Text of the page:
"It's the Tinder site for volunteers, swipe right and we'll match you."
Those are the words of Volunteer Great Lake Taupō founder Joan McBeath who, rather than facilitating hook-ups like the popular dating app, is matching volunteers with groups in need.
Thanks to a joint show of support from individuals, businesses and organisations, the Taupō Council of Social Services initiative is now more visible than ever with a brightly signwritten caravan to park around town.
"Over the past couple of months, I've got a whole lot of organisations on board who want to be part of this. They are all crying out for volunteers with a range of skills and experience.
"At the same time, I have people coming to me who want to volunteer in some way but aren't sure where to begin. We're also working with people who are already volunteers, if they need support, want help or a change of direction.
"The caravan means I can park in public spaces and anyone can pop their head in for a chat. It is attracting so much attention, it's absolutely working. "
The caravan is doing such a good job at attracting attention that the interview for this article was done in parts as, while parked up at Pak'nSave Taupō, multiple members of the public popped their heads in to see what it is all about.
The caravan, its signwriting and the car that will pull it around - and also be signwritten - were made possible by the generous sponsorship of people and groups in the community. The sign writing itself was done by technician Devon Garmonsway at Sign On in Taupō, in her own time.
"When Devon asked what I wanted for the caravan, I said 'I want to be seen'. She's certainly achieved that," Joan says.
"There are so many people that have helped make this possible and they all deserve a massive shout-out. The whole thing, the caravan, the car, the running costs, the signage has all been sponsored by the community. It has been amazing."
The support shown by the community and the engagement with volunteers and organisations so far has validated Joan's idea that the service was needed.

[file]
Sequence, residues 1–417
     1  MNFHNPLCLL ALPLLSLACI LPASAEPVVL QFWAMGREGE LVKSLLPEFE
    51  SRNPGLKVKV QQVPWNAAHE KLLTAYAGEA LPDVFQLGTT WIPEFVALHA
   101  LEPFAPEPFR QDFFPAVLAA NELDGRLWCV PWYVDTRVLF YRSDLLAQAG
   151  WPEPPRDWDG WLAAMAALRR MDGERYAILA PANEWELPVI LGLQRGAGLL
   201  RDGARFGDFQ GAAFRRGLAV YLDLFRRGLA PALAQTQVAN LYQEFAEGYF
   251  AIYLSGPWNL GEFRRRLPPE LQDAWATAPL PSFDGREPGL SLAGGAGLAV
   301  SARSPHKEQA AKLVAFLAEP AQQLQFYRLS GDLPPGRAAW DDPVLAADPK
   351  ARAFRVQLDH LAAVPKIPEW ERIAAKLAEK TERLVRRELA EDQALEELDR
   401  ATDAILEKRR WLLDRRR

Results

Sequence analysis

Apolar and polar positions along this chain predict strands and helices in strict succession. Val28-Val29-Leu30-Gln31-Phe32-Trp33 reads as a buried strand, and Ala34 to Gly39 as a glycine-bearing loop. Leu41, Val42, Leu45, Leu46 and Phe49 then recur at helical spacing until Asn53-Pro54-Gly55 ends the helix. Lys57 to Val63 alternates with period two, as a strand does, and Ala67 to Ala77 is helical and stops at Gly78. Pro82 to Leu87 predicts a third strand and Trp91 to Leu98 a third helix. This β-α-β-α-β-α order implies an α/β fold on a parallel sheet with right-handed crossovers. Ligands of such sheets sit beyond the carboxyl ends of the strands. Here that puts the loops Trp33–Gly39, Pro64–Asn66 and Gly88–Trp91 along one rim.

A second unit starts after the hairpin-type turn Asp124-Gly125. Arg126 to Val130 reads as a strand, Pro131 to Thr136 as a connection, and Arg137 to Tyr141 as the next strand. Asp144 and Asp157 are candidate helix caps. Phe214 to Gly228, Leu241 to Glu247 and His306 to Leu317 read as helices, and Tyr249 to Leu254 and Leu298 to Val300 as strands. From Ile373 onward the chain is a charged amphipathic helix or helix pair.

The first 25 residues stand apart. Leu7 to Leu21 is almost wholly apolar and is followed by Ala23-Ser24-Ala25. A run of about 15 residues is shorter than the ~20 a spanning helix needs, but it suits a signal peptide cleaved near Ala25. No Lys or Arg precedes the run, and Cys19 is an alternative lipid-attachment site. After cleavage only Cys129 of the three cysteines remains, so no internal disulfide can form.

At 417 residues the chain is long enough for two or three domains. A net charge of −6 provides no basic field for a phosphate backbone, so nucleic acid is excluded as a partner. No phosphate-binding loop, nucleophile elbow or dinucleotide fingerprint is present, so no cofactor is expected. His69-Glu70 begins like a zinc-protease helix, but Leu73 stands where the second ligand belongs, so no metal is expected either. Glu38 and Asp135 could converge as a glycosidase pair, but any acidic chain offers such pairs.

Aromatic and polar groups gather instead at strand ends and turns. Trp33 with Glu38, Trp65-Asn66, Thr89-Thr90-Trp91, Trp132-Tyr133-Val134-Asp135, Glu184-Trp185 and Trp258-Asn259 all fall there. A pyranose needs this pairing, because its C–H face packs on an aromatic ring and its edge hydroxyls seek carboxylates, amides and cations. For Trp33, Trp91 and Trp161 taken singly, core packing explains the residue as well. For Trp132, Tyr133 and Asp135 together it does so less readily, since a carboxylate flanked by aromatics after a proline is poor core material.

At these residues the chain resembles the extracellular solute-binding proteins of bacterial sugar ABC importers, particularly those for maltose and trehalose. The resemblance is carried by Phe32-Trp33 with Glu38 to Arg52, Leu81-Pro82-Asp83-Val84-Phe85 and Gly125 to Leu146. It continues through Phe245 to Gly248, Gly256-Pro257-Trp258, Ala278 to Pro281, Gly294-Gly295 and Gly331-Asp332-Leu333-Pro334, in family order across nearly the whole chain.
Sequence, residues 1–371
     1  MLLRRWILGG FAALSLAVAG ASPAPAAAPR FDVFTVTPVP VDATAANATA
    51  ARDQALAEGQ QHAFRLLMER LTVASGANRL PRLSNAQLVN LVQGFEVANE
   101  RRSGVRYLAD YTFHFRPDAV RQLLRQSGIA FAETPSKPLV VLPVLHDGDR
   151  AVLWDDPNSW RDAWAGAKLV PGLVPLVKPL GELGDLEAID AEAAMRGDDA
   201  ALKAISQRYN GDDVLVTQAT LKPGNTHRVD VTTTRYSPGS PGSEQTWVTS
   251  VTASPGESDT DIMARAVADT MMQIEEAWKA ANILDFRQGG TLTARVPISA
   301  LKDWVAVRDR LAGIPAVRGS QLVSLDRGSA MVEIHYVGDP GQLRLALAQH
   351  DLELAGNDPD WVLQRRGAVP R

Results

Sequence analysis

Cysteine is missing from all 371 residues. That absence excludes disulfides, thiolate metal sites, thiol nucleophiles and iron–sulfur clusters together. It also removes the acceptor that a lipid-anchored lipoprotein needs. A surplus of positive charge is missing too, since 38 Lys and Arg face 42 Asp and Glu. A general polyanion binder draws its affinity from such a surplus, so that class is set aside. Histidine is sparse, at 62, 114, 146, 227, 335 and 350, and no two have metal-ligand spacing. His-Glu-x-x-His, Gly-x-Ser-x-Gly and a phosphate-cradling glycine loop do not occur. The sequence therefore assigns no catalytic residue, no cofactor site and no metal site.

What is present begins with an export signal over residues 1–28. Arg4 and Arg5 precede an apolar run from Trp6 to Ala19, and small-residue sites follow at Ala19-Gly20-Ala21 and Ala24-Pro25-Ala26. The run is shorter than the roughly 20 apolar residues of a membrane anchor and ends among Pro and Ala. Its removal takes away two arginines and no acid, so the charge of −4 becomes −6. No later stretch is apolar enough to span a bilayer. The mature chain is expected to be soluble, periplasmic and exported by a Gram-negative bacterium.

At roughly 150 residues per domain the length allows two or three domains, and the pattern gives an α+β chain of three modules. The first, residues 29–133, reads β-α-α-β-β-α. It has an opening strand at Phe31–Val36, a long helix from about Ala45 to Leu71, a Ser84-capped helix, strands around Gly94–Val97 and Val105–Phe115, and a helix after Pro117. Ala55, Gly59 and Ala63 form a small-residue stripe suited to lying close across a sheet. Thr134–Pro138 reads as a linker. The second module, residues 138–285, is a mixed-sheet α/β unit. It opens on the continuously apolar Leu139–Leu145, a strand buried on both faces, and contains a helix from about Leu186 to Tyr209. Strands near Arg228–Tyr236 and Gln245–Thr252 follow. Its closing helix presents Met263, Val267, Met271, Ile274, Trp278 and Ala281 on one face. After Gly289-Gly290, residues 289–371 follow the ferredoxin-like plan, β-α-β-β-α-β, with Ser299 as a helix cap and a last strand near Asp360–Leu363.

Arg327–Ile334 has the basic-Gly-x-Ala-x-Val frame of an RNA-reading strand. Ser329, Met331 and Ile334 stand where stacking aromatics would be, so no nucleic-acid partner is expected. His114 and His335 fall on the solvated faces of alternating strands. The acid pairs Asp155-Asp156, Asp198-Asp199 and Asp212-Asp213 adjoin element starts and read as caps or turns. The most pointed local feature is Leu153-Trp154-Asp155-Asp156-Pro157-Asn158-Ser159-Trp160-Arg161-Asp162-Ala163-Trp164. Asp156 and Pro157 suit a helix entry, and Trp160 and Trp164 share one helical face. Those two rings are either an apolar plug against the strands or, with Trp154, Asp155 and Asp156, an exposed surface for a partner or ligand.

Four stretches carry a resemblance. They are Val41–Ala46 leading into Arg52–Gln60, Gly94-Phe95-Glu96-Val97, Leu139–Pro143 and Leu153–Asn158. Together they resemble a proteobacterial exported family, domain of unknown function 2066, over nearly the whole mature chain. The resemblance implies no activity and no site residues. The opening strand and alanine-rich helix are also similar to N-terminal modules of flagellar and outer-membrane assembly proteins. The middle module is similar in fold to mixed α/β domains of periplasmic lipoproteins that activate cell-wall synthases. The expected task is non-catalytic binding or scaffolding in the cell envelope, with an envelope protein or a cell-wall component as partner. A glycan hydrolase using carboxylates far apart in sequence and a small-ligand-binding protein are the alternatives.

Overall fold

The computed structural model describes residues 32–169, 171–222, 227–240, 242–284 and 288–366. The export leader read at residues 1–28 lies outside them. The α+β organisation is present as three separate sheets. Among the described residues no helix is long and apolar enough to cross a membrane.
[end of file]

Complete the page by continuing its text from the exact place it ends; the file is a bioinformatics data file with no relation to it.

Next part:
"You take a gamble when you do something like this but I've always thought 'why would I sit in an office, in a building, God knows where?' when you can do something like this and be visible.
"In between people coming in, I'm on my computer, I'm working, I mean what a cool place to work, watching the world go by outside the caravan. It's really cool, I would recommend everyone have an office like this."
She hopes the caravan will encourage more volunteers to take the next step.
"The main aim now is to get more volunteers. I've got a lot of organisations, I need more because there are a lot in the community but they're coming in through word of mouth.
"Now I just need to get out in the community, be as visible as possible and get more volunteers signed up."
Joan says volunteering provides a win-win situation for individuals and groups.
"It's fun and it's good for both sides. The organisations rely on them but it's also brilliant and fulfilling for the people doing it.
"I had someone come in the other day, who had just arrived in Taupō to live and didn't know anyone. How do you meet people? Go volunteering.
"The other good thing about volunteering is you can choose something that suits your interests and skills, there's absolutely something for everyone, whether it's animals, the elderly, kids, and you can choose something that fits your time commitments."
The initiative is aimed at helping groups be matched with volunteers throughout the whole district and Joan has plans to take the caravan to other towns such as Tūrangi and Mangakino in the near future.
"I'm sort of feeling my way, finding out how it works and what works best, then I'll venture out."
- Keep an eye out for the caravan at events and businesses, and search for Volunteer Great Lake Taupō on Facebook.